Unomaly

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Bringing Unomaly logs into LogicMonitor

In a recent blog post, Tej Redkar (CPO at LogicMonitor Inc) wrote about how LogicMonitor can leverage the technology acquired from Unomaly to pre-empt business problems with AIOps. LogicMonitor brings together Metrics about what's happening in your infrastructure and Topology to tell you where it's happening. What was missing was Logs and the diagnostic tools to understand why an issue was happening -- And this is where we (the Stockholm Unomaly team) come in.

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Managing microservices with a lot of log data

Our previous blog on the 'importance of log data analysis' emphasized the significance of optimizing log data. This blog post focuses specifically on utilizing log data to monitor microservices environments. There are mixtures of opinions when it comes to monitoring microservices. One stance is that it can quickly become a challenge at larger scales, in contrast to a monolith, where everything is in one place.

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Unomaly Joins Forces With LogicMonitor to Improve Observability for End Users, Deliver Insight and Intelligently Drive Action

Happy New Year! We’re starting 2020 with some exciting news. We are pleased to announce that as of today, Unomaly has become part of LogicMonitor, the leading global provider of infrastructure monitoring and intelligence across both on-premise and cloud.

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Observability on unstructured logs: it's possible!

Unomaly extracts the structure of unstructured logs to match them to what we call profiles and detect never before seen events in your infrastructure. While very heavily hyped and marketed by the new players, observability represents a significant shift in the way we try to make our software reliable. This shift needs to happen for a simple reason: we don’t (can’t?) understand our systems anymore.

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Unomaly is modernizing log analysis for 2020 and beyond

2019 has been a year of tremendous progress at Unomaly. This year we introduced weekly releases and have been quickly iterating on our feature set. Now that the year is coming to a close we wanted to take a look back at how Unomaly has changed. We’ve tripled our key feature set to give you exponentially greater context when investigating incidents using your log data and understanding your software’s running state to discover unknown aspects of your infrastructure.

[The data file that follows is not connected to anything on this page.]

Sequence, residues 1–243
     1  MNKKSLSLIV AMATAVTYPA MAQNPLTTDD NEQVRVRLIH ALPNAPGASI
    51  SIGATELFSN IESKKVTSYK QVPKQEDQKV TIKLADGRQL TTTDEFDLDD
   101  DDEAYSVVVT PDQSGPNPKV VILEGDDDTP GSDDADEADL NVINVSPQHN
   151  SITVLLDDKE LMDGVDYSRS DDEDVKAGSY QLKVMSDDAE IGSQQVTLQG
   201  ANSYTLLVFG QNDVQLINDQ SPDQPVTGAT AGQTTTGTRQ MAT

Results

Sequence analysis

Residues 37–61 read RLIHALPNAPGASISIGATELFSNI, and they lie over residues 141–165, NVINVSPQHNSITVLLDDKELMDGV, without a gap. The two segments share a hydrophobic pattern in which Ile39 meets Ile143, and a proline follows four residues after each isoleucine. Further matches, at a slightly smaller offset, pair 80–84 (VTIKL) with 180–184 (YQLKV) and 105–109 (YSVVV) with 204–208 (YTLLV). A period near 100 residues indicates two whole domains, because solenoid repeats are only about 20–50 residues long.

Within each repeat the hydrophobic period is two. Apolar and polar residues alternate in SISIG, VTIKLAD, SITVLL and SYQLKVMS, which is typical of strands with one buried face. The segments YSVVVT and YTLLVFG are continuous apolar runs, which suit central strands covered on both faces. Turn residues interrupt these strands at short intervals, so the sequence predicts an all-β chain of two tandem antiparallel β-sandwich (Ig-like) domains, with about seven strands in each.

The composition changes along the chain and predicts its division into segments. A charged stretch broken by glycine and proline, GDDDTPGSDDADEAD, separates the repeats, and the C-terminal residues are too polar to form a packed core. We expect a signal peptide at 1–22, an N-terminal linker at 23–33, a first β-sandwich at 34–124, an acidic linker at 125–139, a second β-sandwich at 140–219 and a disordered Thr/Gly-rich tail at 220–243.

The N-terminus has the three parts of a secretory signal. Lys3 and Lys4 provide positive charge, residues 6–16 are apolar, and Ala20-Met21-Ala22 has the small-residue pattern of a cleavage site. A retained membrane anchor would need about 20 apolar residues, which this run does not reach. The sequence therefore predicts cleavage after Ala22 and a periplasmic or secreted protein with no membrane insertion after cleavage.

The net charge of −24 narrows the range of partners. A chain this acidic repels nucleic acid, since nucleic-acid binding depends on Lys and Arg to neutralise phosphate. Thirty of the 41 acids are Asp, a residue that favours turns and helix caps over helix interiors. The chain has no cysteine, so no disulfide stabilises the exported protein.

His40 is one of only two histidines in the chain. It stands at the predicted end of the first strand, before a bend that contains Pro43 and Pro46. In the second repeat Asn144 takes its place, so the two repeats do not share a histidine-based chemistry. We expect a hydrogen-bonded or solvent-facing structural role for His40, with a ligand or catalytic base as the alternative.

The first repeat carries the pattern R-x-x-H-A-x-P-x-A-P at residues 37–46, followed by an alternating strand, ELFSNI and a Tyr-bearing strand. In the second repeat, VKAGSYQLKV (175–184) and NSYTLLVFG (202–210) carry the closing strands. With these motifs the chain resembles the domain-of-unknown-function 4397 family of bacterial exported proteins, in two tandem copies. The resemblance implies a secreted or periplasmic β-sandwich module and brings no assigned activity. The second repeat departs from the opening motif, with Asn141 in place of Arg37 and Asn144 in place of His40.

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Join our alpha program to try Unomaly on Docker

For the past few months, we have quietly tested a new way to run Unomaly on any platform that supports DockerCE with a few of our customers. Now we are opening our alpha program, codenamed Amelia, to anyone who is interested. We are testing this new way to run Unomaly because we are committed to making it easier to run our software in modern cloud environments. This is a first step towards a docker based deployment model, which will allow you to run Unomaly on top of Kubernetes in the future.

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Log analysis - it's still important

We’ve spoken to some engineers that have expressed they find log data boring. Boring? We say it’s far from boring, it’s the most contextually rich data we have, but is often ignored because of its volume and how unmanageable it can be for humans to work with. However, without automating the process and having logs pre-analyzed, one could see how this could be the perception.

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Interview with ESL: Transition to microservices & more

ESL, a long time customer of Unomaly has been evolving alongside us. We interviewed them back in 2018 and decided to check in again. Thomas Poehler (Senior VP of IT) and Felix Feinhals (Head Site Reliability Engineer) sat down with us and took us through how they are using Unomaly now and how they see the company continuing to use Unomaly in future.

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Observing Google Cloud Platform Services Best Practices

Google Cloud Platform (GCP), offered by Google, is a suite of cloud computing services that runs on the same infrastructure that Google uses internally for its end-user products, such as Google Search, Gmail and YouTube. Google Cloud Platform provides infrastructure as a service, platform as a service, and serverless computing environments.

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Packaging Uno into the browser using WebAssembly

Back in January, we made a little CLI tool called uno available, that my colleague @alexandrepesant built. It takes log data and only shows what is a “unique” log line. It is a barebones tool showcasing one of the core parts of our product, anomaly detection, but using a simpler algorithm based on edit distance. As we saw quite a big interest when launching it, we wanted to see if we could make it available without the need to download a binary as well as giving it a proper home.